Australian Lefty on Politics, Governance, Science and Info Management

Doping, sport, society – two good papers

Posted by Dave Bath on 2008-05-27

Two new papers from the Nature publishing group (in British Journal of Pharmacology), a special issue on drugs in sport, are freely available (although I don’t know for how long).  One is an overview of anabolic steroids (doi:10.1038/bjp.2008.165 as html or pdf).

The other is more interesting, written by olympic medal-winning marathon runner and his pharmacologist brother (oh dear, Spedding and Spedding are the surnames, lets hope the olympian has sped and the pharmacologist doesn’t speed!) : "Drugs in sport: a scientist–athlete’s perspective: from ambition to neurochemistry" (doi:10.1038/bjp.2008.163 as html and pdf).

As outlined in the introduction the authors "wish to contrast the scientific evidence with personal experience and in consequence this is a rather atypical article for the British Journal of Pharmacology and is at the interface of sports and science writing." and then goes on to say the main downside of doping is sociological, "with the risk that children are not encouraged to participate, with consequent major health risks for society".

Well worth a look, especially with the Olympics coming up and the inevitable discussion about doping and sport.

"Bottom line" and Abstract over the fold:

Here is the last paragraph:

Thus, doping devalues sport, and exercise.  As humans are starting to reach the limits of ‘normal’ athletic performance, competition to reach the very top becomes more and more difficult.  However, the old values, and health benefits, of doing sport for pleasure at a ‘local’ level remain valid.  Schools and families need to reinforce the importance of exercise to children and young adults, because it is not only their physical health which is at risk (particularly because of obesity), but exercise and physical play appear to be critically important for brain development.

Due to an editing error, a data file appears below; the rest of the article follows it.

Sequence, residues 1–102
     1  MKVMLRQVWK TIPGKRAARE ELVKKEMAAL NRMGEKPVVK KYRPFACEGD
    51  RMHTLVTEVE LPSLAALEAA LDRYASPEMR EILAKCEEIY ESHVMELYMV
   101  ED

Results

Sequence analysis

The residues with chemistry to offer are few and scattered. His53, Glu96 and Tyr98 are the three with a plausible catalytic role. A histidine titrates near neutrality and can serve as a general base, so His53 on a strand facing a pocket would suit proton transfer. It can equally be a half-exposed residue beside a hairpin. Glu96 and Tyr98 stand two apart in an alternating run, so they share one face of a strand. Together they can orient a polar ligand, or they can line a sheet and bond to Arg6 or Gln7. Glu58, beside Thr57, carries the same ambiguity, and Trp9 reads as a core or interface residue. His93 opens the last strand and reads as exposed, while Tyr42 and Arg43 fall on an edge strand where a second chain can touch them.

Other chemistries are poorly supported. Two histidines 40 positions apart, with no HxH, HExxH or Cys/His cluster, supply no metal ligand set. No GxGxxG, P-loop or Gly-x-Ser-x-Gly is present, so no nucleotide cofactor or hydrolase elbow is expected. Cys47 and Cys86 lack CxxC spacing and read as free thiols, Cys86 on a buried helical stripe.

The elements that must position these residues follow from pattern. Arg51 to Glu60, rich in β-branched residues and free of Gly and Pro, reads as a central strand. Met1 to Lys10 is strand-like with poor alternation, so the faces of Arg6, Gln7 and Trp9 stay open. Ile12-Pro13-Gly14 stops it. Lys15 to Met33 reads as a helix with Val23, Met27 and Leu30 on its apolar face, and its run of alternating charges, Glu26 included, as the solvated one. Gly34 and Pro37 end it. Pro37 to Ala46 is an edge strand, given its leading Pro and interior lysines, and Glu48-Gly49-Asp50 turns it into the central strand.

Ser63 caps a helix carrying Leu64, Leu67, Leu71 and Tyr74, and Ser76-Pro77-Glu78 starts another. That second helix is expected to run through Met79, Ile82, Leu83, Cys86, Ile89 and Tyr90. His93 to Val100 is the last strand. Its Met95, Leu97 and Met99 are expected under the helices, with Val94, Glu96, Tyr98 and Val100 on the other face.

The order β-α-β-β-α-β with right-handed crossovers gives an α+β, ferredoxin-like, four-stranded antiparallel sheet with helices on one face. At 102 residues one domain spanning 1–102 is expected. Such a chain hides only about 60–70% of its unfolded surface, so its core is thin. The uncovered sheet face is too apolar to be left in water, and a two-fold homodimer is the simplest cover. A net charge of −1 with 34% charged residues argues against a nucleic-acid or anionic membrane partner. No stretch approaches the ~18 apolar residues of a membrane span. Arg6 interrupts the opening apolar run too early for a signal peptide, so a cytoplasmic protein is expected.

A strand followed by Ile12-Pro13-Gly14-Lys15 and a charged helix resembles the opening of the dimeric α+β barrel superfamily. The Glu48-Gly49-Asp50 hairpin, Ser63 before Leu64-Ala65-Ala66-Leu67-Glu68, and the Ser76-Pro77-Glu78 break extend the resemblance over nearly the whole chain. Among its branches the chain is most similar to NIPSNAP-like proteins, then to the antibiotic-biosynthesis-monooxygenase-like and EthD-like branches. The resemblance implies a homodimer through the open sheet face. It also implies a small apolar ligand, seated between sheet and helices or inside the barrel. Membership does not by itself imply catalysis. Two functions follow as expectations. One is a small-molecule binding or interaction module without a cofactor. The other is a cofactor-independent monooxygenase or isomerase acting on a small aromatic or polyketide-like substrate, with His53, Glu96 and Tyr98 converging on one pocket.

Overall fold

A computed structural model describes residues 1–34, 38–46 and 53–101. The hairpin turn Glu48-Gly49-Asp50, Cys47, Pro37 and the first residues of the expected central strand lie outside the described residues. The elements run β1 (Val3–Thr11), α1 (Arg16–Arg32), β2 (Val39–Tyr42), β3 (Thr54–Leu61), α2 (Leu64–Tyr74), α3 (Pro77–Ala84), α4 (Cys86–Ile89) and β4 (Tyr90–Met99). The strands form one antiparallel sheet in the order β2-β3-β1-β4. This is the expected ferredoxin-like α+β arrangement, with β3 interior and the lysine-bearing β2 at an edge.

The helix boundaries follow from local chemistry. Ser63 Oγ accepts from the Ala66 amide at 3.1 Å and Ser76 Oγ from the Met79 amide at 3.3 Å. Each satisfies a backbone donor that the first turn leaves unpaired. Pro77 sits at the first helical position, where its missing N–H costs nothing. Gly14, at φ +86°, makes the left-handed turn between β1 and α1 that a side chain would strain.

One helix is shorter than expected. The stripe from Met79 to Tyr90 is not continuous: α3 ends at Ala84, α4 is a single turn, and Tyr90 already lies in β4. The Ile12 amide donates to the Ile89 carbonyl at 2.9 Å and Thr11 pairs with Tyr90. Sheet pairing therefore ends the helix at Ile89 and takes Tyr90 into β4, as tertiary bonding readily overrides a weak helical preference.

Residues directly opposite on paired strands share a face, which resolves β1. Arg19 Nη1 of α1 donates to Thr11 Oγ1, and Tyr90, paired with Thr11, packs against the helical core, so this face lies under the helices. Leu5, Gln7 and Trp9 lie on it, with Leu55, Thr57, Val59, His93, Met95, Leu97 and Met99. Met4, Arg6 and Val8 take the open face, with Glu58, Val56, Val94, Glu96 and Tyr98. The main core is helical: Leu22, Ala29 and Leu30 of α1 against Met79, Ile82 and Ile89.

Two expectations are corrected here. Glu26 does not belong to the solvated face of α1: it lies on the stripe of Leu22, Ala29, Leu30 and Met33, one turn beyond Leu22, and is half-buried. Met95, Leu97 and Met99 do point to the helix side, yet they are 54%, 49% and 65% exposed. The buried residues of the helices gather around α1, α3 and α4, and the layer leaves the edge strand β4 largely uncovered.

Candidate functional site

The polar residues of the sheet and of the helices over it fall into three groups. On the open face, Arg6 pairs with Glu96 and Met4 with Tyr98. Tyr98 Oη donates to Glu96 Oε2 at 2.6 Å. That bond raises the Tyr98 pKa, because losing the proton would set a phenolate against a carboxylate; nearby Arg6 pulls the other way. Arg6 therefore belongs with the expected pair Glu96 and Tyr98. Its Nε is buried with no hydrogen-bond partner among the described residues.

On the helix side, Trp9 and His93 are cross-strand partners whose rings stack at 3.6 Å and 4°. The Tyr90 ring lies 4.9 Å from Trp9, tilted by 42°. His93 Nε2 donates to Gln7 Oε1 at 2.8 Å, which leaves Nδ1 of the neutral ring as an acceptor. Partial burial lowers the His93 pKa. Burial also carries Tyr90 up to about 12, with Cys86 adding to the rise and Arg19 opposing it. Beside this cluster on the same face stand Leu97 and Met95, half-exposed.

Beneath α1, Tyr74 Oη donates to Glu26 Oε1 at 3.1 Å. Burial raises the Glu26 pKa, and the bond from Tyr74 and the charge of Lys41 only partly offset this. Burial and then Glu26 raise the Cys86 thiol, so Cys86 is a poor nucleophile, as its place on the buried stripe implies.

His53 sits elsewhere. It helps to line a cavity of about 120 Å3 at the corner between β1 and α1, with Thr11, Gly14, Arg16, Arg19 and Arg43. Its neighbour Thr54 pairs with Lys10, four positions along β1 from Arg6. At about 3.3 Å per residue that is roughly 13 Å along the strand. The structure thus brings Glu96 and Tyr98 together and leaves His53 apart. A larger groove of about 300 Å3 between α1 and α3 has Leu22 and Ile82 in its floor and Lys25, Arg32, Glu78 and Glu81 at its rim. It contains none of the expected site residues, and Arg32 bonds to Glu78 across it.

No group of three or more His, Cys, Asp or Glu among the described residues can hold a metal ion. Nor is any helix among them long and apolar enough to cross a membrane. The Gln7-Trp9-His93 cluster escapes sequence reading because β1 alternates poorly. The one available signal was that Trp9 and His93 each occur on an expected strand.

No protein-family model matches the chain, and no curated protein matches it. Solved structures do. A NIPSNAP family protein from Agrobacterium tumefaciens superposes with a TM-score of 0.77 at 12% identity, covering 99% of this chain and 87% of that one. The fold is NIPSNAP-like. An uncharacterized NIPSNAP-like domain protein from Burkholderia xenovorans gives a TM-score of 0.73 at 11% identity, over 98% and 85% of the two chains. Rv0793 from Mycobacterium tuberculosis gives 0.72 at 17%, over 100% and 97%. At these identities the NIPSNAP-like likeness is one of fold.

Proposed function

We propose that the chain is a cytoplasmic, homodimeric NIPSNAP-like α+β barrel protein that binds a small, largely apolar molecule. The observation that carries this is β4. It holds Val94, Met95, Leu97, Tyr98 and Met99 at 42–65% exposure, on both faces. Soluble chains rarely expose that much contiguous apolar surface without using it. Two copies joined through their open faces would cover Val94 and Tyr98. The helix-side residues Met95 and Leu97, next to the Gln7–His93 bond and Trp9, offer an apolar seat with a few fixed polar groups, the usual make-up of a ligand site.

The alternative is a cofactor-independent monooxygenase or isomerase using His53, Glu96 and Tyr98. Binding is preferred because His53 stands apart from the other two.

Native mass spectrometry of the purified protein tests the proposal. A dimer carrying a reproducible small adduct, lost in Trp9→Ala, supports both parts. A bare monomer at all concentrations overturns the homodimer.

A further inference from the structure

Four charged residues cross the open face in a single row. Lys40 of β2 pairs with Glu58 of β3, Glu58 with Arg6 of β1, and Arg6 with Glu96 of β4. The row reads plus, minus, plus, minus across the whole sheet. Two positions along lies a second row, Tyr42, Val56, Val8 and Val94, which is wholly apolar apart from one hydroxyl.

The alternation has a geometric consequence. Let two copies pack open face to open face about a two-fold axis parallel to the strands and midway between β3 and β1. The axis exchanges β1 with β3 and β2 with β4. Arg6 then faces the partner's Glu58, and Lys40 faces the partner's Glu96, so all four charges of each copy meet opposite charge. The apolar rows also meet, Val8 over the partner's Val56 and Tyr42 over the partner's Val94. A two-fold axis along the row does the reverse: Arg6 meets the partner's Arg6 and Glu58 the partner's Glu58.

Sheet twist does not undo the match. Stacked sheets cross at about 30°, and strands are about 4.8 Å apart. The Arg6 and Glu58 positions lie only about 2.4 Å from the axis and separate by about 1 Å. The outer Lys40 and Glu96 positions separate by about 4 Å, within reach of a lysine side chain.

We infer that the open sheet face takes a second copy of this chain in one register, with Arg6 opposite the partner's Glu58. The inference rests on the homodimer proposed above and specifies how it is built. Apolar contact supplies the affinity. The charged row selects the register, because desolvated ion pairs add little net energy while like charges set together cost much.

And here is the abstract:

This article, by the United Kingdom’s last Olympic Marathon Medal winner, Charlie Spedding, and his brother, the pharmacologist, Michael Spedding, covers the difficulties posed by the availability of powerful drugs to ameliorate athletic performance, from an athlete’s perspective, particularly in view of the fact that performances are becoming highly optimised with less margin for further physiological improvement.  The authors have had long athletic careers and argue that doping not only devalues performance but sport, and exercise, as a whole.  Furthermore, the neurotrophic and metabolic changes involved in exercise and training, which can be modified by drugs, are central to health and reflect a part of the epidemic in obesity.


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